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Computex 2024 | Intel Lunar Lake debuts as "most efficient" x86 design with combined 120 TOPS AI performance

Intel offers more insights into Lunar Lake SoCs. (Image Source: Intel)
Intel offers more insights into Lunar Lake SoCs. (Image Source: Intel)
Intel is offering deeper insights into the Lunar Lake architecture at Computex 2024. Lunar Lake will be a tiled 3D packaged design for laptops with a focus on per-per-Watt and AI performance. Lunar Lake marks the arrival of Lion Cove and Skymont cores, Xe2-LPG Battlemage iGPU, and a 47 TOPS NPU along with a host of other platform enhancements.

The battle for AI supremacy on the edge is just beginning to warm up. Intel, with its new Lunar Lake architecture, will be jostling for your hard-earned pie with Qualcomm Snapdragon X Elite / X Plus ARM SoCs, and AMD Strix Point Zen 5 Ryzen AI 300 Series APUs in what it claims to be most efficient x86 design yet.

Late last month, Intel threw a spanner in the Qualcomm's works by announcing the arrival of Lunar Lake CPUs for mobile with the promise of a combined 100 TOPS AI performance.

At Computex 2024, Intel is detailing some of the juicy stuff that goes into the innards of Lunar Lake. The company isn't announcing the exact SKUs or their individual configurations, but there's a lot in store and improvements from Meteor Lake seem to be pretty significant, at least on paper.

Lunar Lake: Platform overview

Lunar Lake continues to be based on Intel's Foveros 3D packaging technology that organizes various functioning units on the chip into tiles, primary ones being the Compute tile and the Platform Controller tile.

Lunar Lake is the first design that is outsourced to an external fab instead of being forged in Intel's own foundries. Intel still does not explicitly mention the fabrication node in its materials, but CEO Pat Gelsinger did indicate recently that the Lunar Lake CPU, GPU, and NPU are all being fabbed on TSMC N3B.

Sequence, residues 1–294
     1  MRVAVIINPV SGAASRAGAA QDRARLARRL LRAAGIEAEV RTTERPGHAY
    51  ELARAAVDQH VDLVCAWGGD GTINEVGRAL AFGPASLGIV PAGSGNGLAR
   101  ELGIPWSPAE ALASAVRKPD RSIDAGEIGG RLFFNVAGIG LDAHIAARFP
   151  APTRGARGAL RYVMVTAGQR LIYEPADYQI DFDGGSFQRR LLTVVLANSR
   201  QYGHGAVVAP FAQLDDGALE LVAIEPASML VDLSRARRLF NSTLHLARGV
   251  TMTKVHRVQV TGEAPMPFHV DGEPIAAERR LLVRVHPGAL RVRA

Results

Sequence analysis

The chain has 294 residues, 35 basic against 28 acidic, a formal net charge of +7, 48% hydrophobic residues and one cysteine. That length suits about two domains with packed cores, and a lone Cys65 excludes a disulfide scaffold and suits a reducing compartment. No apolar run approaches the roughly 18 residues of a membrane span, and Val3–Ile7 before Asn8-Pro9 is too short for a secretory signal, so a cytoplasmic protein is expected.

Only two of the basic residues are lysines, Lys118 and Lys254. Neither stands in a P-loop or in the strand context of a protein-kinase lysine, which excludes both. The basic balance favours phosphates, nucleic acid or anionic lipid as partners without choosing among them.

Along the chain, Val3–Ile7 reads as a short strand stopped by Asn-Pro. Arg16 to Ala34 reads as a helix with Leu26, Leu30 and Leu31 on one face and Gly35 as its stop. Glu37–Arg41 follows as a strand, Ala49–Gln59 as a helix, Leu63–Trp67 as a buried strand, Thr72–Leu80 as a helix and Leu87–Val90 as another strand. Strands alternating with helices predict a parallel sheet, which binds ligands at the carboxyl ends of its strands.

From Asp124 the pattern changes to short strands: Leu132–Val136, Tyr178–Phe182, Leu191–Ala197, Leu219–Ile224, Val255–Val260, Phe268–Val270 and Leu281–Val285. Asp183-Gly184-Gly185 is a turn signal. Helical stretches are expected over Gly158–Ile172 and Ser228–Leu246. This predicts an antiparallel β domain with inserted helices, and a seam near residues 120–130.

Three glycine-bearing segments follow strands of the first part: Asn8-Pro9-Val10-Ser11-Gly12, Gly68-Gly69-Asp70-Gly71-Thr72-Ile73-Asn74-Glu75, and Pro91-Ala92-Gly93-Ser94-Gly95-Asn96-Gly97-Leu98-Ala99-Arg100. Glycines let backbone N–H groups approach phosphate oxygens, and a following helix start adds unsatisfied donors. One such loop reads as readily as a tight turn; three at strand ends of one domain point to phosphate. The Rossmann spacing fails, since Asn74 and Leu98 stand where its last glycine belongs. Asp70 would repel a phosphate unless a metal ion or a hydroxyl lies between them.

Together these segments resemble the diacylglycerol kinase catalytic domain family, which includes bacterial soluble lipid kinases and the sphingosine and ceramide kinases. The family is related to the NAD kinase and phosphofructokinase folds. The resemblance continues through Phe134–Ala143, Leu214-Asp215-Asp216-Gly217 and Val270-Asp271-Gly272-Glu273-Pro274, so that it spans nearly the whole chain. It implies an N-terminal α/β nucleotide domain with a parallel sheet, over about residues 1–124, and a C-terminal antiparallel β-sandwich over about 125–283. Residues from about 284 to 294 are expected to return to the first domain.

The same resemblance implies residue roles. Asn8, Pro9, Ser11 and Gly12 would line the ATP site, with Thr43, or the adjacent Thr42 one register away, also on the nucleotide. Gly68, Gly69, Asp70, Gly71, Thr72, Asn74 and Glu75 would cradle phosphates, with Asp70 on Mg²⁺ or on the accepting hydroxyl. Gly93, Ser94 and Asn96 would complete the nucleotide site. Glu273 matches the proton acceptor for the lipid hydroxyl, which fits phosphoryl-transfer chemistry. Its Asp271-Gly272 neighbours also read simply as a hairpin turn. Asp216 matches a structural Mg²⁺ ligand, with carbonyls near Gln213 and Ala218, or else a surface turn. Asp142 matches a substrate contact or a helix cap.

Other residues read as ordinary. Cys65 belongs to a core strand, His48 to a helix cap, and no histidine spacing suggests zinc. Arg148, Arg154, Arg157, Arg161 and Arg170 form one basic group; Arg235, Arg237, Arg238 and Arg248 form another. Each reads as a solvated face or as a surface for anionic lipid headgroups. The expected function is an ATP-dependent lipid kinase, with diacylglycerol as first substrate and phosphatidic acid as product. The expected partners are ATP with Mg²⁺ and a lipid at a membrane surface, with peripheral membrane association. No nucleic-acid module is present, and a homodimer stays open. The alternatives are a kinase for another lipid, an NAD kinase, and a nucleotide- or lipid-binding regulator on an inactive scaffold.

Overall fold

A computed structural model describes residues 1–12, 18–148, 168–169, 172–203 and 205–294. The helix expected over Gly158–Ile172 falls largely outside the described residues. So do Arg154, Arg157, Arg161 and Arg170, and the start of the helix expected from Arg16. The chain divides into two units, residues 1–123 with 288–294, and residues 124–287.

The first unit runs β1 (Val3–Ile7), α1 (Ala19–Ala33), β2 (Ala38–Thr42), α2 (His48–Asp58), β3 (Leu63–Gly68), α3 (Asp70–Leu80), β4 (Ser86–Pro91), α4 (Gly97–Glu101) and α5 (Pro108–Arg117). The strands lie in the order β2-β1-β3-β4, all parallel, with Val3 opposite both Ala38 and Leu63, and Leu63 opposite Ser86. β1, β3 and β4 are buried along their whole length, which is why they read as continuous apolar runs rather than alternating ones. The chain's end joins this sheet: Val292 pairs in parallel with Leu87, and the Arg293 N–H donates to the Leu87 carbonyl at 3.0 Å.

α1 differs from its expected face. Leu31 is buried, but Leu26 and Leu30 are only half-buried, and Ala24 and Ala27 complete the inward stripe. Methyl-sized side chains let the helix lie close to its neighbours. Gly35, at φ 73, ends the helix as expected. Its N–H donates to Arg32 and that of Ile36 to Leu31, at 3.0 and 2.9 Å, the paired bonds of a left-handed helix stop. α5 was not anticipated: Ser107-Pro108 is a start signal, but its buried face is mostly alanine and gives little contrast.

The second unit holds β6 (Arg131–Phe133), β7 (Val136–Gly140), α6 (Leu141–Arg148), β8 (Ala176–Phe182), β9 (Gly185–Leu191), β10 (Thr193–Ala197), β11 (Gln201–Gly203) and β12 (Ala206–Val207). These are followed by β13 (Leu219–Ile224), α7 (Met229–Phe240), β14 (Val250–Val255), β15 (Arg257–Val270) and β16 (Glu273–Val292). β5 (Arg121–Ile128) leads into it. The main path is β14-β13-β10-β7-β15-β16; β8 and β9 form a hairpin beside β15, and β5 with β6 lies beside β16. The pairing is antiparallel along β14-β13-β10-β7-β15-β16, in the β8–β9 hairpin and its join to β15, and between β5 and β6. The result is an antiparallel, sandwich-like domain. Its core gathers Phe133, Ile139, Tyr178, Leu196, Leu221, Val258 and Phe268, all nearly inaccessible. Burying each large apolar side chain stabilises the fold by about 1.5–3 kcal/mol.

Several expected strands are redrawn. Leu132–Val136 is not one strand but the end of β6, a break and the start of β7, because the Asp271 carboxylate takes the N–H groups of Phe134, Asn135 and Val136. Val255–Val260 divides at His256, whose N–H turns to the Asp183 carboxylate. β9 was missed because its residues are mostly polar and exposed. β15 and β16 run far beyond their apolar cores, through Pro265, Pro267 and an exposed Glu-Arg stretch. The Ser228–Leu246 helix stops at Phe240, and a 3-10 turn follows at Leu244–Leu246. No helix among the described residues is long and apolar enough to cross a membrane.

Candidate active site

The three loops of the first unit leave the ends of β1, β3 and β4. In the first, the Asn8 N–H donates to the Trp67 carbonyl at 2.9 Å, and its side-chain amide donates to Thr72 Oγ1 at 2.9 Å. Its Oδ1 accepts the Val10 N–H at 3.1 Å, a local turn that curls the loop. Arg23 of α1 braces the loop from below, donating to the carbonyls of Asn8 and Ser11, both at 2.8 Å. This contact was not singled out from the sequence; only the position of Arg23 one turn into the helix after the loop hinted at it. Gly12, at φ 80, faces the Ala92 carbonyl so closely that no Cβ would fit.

The use of a more compact Foveros 2.5D packaging means that less energy is needed is to move data off the die and into RAM. This enables Intel to directly integrate DRAM onto the package itself. According to Intel, Lunar Lake can offer up to 32 GB LPDDR5X-8500 dual-rank memory on die.

Compute tile

The Compute tile is comprised of the CPU clusters, Battlemage Xe2-LPG iGPU, and the 48 TOPS NPU. Lunar Lake uses a 4P+4E hybrid core design, which Intel claims is optimized for better single-threaded performance.

Each of the four Lion Cove P-cores gets 2.5 MB L2 cache along with a 12 MB shared L3 cache. The P-cores lack hyperthreading and Intel is confident that the available eight threads can take on 8C/16T offerings from AMD. The lack of hyperthreading likelys only pertain to Lunar Lake SKUs and not to the Lion Cove cores themselves.

The four Skymont E-cores, on the other hand, get 4 MB shared L2 cache. Skymont cores are particularly interesting this time given that leaks so far seem to suggest IPC equivalent to that of AMD Zen 3. Intel's own graph below indicates Skymont E-cores achieving up to 80% efficiency of the P-core at full Wattage.